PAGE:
Taiwanese officials had said China was likely to conduct military exercises this week near the island, using Lai’s US stopovers as a pretext to intimidate voters ahead of next year’s presidential election and make them “fear war”.


‘Independence supporter’ not popular in Beijing

China has a particular dislike of Lai for his previous comments that he was a “practical worker for Taiwan independence”. On the campaign trail, however, he has pledged to keep the status quo and repeatedly offered talks with Beijing.

Shortly before the military’s announcement, the Taiwan Work Office of China’s ruling Communist Party said Lai was “shamelessly” trying to “rely on the United States to seek independence”.

Lai has “stubbornly stuck to the Taiwan independence stance” and his US stopovers were “a disguise he used to sell out the interests of Taiwan in order to seek gains in the local election through dishonest moves”, it said.

Lai travelled to Paraguay for the inauguration of its president. The landlocked South American nation one of only 13 countries to maintain formal diplomatic ties with Taiwan.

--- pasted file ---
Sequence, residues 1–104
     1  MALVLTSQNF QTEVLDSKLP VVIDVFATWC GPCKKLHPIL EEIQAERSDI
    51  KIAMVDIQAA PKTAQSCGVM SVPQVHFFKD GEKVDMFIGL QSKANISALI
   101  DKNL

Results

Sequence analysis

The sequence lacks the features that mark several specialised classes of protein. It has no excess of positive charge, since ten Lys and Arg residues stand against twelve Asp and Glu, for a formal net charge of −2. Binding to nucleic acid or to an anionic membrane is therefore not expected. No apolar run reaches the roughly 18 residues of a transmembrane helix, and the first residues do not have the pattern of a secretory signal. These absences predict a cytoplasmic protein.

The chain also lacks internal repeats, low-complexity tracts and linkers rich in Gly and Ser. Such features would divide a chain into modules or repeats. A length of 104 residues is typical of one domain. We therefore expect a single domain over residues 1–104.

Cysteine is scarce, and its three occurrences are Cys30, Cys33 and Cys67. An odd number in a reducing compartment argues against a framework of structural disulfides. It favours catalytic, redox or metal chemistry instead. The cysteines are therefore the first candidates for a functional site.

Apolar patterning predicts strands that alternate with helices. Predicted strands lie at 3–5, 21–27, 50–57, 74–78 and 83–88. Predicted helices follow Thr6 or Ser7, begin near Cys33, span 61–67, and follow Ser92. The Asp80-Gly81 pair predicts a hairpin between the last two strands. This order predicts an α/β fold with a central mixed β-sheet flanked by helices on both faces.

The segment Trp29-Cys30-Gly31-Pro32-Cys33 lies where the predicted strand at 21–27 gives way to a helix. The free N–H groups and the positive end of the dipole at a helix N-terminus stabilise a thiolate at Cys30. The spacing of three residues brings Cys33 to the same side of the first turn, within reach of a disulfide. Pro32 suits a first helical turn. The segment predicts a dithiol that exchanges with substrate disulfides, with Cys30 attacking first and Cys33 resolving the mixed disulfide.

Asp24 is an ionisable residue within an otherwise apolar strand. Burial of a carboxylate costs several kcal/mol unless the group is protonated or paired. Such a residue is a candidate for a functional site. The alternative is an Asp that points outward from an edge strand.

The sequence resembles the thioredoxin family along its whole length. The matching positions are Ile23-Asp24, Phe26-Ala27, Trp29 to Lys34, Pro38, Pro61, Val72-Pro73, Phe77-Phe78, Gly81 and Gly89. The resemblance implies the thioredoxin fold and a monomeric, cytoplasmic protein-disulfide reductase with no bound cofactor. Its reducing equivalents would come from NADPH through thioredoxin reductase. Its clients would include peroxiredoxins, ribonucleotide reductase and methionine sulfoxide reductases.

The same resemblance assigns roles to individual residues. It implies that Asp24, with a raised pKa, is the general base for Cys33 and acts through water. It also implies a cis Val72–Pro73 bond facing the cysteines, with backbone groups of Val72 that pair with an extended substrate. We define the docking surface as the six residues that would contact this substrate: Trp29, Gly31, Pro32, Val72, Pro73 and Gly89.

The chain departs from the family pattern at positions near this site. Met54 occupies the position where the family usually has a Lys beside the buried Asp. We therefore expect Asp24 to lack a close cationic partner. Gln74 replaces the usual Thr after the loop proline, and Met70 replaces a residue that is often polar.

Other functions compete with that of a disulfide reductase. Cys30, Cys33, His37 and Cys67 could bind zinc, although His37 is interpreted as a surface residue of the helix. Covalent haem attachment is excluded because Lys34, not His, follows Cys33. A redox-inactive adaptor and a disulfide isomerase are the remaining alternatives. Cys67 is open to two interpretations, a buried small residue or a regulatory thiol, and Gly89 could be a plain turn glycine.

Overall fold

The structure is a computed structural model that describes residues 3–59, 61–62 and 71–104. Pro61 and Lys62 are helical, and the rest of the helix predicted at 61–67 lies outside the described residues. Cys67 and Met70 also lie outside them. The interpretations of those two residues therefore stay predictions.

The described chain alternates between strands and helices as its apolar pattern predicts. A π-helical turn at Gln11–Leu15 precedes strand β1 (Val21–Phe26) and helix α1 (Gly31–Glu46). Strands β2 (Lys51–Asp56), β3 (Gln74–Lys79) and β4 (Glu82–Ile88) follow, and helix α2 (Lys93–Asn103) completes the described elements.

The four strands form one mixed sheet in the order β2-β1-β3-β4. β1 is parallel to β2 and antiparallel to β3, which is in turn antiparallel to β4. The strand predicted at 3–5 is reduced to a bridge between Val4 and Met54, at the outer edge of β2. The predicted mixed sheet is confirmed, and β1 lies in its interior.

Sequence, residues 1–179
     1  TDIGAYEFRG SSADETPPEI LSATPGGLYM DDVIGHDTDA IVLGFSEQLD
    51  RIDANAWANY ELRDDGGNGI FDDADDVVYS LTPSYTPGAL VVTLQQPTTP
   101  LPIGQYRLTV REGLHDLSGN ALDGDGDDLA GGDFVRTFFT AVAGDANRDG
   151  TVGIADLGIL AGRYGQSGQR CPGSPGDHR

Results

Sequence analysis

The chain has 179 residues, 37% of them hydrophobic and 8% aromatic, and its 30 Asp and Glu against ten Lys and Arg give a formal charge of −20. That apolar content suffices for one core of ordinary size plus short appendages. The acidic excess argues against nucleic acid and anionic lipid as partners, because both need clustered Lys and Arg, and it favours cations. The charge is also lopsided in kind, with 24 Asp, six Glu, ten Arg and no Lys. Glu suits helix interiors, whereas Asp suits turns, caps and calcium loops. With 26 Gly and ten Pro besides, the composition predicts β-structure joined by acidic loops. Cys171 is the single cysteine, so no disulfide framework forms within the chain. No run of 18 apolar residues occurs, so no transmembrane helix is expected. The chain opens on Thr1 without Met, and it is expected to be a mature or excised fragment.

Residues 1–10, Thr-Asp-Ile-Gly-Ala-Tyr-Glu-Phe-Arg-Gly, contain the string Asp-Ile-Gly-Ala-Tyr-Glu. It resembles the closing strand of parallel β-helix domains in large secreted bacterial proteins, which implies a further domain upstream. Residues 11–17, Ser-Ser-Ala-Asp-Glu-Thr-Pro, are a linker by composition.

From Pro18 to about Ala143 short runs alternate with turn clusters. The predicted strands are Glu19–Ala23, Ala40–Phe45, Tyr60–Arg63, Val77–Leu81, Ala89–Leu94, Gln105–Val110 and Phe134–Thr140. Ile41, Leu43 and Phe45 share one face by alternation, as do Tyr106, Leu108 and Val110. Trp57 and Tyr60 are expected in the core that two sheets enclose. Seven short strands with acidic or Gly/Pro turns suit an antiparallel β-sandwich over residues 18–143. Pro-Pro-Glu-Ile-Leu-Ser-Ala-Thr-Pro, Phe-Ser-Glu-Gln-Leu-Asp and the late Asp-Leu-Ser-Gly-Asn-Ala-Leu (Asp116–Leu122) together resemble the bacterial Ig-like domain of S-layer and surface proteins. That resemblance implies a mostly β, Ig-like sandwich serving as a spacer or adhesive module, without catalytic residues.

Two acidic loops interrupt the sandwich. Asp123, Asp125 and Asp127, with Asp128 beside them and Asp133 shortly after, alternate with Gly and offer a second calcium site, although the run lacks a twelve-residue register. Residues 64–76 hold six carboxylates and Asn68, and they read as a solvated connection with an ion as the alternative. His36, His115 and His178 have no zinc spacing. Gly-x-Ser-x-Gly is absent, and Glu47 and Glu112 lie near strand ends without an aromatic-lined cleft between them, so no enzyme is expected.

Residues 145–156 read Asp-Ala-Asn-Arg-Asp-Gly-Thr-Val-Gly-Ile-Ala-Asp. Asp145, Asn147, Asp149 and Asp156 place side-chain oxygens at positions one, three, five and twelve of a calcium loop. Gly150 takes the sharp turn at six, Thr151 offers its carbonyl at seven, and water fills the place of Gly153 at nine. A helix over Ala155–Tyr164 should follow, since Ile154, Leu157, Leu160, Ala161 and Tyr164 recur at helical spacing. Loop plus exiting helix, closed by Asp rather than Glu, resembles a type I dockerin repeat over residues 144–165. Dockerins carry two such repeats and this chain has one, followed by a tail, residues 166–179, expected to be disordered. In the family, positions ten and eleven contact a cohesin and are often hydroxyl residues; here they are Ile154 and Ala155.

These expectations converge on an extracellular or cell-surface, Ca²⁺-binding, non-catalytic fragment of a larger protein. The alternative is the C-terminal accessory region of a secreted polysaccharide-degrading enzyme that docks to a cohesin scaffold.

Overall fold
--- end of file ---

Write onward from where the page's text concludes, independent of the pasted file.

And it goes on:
Lai posted on Facebook pictures of himself in the capital Asuncion, chatting to US Interior Secretary Deb Haaland, as well as Spain’s King Felipe VI and Brazilian President Luiz Inacio Lula da Silva.

The United States, like most countries, has no formal ties with Taiwan but is its strongest international backer, bound by law to provide the island with the means to defend itself.

China has over the past three years ramped up military pressure on Taiwan, including sending military aircraft and warships near the island.


China fears he’ll set up a Republic of Taiwan

Lai has repeatedly said ahead of January’s election that he wants to keep the status quo with China, and offered to talk to Beijing.

“We don’t want to become enemies with China. We can become friends,” Lai told a Taiwanese television station this month.

But in China’s view, Lai is a separatist and “troublemaker through and through”, for comments he first made in 2017 as premier about being a “worker” for Taiwan’s independence, a red line for Beijing.

In 2018, as premier, he told parliament he was a “practical worker for Taiwan independence”, causing the widely-read Global Times, to call for China to issue an international arrest warrant for Lai and prosecute him under China’s 2005 Anti-Secession Law.

Lai said at the time and many times since he simply meant Taiwan is already an independent country, and on the campaign trail stuck by President Tsai Ing-wen’s line that the Republic of China, Taiwan’s formal name, and the People’s Republic of China are “not subordinate to each other”.